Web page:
November is, to most folks who write as either a hobby or professionally, NaNoWriMo month. People set themselves up to crank out over fifty-thousand words in one month’s space of time. For those on a certain side of the political spectrum, it’s probably a been a rough month. For others, they’ve probably beaten their numbers, though I’m unsure if policy briefs and manifestos count as ‘novels.’

Me, I set myself up to fail. And I did so in the most spectacular way possible.

My goal wasn’t to write a set number of words. Instead, it was to write at least three short stories by the end of the month. My writer’s group, as part of their NaNoWriMo prep, sectioned off five hours of time at a local library just for writing. During that dedicated time, I was able to crank out about 5k words per session.  Most sessions ended early, so my rate is a little over 1.5k words per hour. Had this been extrapolated across the month, I could have cracked the goal again.

But my goal was reached. Three short stories written, and a fourth almost completed. One has already been submitted to the intended market.  So how do I feel about losing?

8ec

I regret nothing because I learned a lot.

  1. Screenplay outlines are my happy place – I was able to plot out the stories and get everything set because I returned to my home, the good old-fashioned Syd Field screenplay outline.  It helped me know exactly where I had to go, what each scene had to do, and how to ensure I was never lost in the woods of ‘Well, what should I write now?’
  2. Given a clear vision, I can write and research at the same time – some of my stories involved looking up real events, or people. I was digging through and confirming information at the outline stage, but also as i wrote.
  3. Time is my enemy and friend – if I have time and I can focus, I can produce quite a bit.

So what was the hardest part? The usual: “that’s five hours wasted – think of all the chores you could have done” or “Hey, shouldn’t you be working on trying to cross-sell to all of your clients even if they don’t need a product?”

My brain is still wired to never see writing as a ‘useful’ act.  It’s not work. It doesn’t earn money (so far) and won’t get me life insurance, mortgage payments, etc. I have to constantly fight my wiring and says, “I need more than a salary in my life. I want to tell stories. I hope, some day, someone reads those stories.”

At the end of November I know, the biggest enemy I still have (next to time) is this guy named Andy Popovic.

Alien Artifacts, and a new Kickstarter!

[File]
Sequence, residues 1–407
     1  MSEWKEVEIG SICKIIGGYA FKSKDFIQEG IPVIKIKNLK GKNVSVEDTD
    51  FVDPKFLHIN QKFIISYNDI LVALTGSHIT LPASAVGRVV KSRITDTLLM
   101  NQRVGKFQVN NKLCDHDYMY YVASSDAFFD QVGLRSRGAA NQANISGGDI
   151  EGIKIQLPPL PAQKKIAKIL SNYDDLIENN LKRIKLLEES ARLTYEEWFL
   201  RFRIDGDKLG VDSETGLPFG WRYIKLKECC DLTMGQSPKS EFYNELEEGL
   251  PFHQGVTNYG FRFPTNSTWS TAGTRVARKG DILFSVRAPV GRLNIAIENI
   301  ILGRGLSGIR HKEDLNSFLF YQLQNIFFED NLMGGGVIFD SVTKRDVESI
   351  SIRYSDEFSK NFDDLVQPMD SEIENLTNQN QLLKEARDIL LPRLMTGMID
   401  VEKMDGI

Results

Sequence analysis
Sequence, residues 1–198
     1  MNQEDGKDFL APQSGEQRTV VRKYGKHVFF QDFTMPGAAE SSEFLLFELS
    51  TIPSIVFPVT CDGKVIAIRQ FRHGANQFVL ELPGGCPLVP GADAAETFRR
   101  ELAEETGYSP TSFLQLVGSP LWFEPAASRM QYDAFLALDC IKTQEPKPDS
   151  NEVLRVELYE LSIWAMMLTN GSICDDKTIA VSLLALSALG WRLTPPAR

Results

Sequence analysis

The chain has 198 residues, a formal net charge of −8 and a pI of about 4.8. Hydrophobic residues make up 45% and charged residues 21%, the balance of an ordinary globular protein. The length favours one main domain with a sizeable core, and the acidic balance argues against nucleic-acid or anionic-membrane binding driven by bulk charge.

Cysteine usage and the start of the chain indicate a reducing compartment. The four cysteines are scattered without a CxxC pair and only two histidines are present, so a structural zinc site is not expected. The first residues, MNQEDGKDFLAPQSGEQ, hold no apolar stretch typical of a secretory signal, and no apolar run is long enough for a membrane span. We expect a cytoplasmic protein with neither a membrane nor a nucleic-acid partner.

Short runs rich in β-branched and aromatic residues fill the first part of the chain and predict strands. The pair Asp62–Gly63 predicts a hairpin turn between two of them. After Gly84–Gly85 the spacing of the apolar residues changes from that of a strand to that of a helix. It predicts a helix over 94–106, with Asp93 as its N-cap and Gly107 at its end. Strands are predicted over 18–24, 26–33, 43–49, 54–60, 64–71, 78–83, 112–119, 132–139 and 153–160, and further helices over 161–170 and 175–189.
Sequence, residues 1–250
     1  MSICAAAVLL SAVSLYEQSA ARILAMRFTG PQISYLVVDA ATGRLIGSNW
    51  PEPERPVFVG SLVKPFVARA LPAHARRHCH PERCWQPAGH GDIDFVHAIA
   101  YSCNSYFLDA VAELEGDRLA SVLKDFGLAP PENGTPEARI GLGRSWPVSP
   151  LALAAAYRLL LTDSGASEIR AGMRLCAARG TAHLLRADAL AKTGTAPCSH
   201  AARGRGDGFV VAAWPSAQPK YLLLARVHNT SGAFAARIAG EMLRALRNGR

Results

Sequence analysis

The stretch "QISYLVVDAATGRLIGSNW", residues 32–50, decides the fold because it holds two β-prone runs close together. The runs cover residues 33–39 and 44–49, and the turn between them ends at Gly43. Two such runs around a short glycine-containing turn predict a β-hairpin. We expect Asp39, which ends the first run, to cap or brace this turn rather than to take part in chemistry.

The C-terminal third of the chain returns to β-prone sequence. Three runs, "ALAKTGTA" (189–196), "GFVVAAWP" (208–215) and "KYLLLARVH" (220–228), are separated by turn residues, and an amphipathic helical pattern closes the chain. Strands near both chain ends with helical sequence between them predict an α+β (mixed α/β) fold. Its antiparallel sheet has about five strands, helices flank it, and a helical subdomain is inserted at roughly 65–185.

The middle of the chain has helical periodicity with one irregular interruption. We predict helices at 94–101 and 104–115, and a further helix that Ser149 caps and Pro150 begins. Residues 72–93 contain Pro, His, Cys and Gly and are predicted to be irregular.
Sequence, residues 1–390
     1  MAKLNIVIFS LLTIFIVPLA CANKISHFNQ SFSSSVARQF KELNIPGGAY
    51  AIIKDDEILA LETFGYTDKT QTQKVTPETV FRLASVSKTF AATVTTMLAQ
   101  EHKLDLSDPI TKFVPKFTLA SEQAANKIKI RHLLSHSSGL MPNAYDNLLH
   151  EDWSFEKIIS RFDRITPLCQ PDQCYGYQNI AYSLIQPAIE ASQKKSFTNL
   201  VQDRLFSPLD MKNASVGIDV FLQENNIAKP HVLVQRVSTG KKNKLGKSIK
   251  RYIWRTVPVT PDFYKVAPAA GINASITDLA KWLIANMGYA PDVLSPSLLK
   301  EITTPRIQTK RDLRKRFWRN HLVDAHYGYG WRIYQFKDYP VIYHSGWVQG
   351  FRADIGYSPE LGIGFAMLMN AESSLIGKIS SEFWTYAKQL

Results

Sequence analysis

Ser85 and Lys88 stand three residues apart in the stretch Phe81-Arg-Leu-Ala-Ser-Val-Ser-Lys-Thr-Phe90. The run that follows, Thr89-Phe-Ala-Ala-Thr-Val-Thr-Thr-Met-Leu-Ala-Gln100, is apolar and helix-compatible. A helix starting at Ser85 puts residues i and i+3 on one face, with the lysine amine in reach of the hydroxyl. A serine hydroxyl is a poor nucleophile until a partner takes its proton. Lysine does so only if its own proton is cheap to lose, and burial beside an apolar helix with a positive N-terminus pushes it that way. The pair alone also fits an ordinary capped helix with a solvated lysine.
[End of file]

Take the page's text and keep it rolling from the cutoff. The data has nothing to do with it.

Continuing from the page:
alien artifacts cover I wanted to provide folks with an update. As I mentioned before, my short story, “The Captain’s Throne” has been selected for publication in the Alien Artifacts anthology edited by Patricia Bray and Joshua Palmatier,

Well, my author copies have arrived, as well as the eBook copies I got through Kickstarter. The general public will be getting access soon. So f you are interested in pre-ordering, visit the Zombies Need Brains order page:

https://squareup.com/market/zombies-need-brains-llc

You can also get art prints of the amazing cover. But that’s not all. If you’re looking to help ZNB and get copies of this anthology and Were-, its sibling anthology, how about supporting their new Kickstarter?

This project will fund three science fiction and fantasy anthologies, titled ALL HAIL OUR ROBOT CONQUERORS!, SUBMERGED, and THE DEATH OF ALL THINGS, containing approximately 14 all-original (no reprint) short stories each from established SF&F authors in the field. The books will be edited by Patricia Bray & Joshua Palmatier (ALL HAIL OUR ROBOT CONQUERORS!), S.C. Butler & Joshua Palmatier (SUBMERGED), and Laura Anne Gilman & Kat Richardson (THE DEATH OF ALL THINGS).

If the Campaigns get enough funding, they will open the anthologies up to solicitations. This is a great chance for newer authors to stand alongside great, established talent and get a chance to shine. I encourage you, support the campaign. Only 26 days to go.

https://www.kickstarter.com/projects/543968884/robots-water-and-death-anthologies/widget/video.html

“The Mirror Man” on Daily Science Fiction

For those who may not know, Daily Science Fiction has published my flash story, “The Mirror Man.”  It’s the first story of any sort I’ve had published in quite some time and I’ve gotten some good feedback from it. I hope I’ll be able to continue the trend, improving with each story and publication.

I still think my favorite reaction came from my Dad, who said, “Andrija, I’ll read your story. I won’t understand it, but I will read it.” Ah, family!

Hope others enjoy it, and understand it.

Dialog or Get the Chatter Down

I’ve been thinking about my process for building scenes and crafting prose. Slowly, I’m admitting to myself I go for dialog above description. If a building needs to appear in the story, my first instinct is to have the characters talk about the building. (“Huh. Your apartment looks like the one from Ghostbusters.” “What, the place with Signourney Weaver?” “Yeah.” “Oh, I should be so lucky.”

This is the danger of learning to write screenplays and investing time in creating them. I learn to think in terms of scenes, “actors” and dialog, with the rest as set dressing.

I’m working on a story for an anthology and I realized how much I was relying on dialog in the beginning. So, I decided on a small experiment. Instead of fighting my training, creating full descriptions in the first pass and aiming for lush prose, I’m doing the dialog first.

Very simple, very quick, and a few stage directions along the way so I know what’s happening.

Then, I go back in and fill in the rest. It’s less like sculpting from stone and more like building stop-motion puppet. You start with the armature first. Then, layer on the muscles, and the skin, and the features, until you get a full figure you can start to painstakingly photograph.

I’m hoping this will help me get working faster. If my first instinct is to hear the character’s talking, then I need to have them talk. I’ll then get in the descriptions in.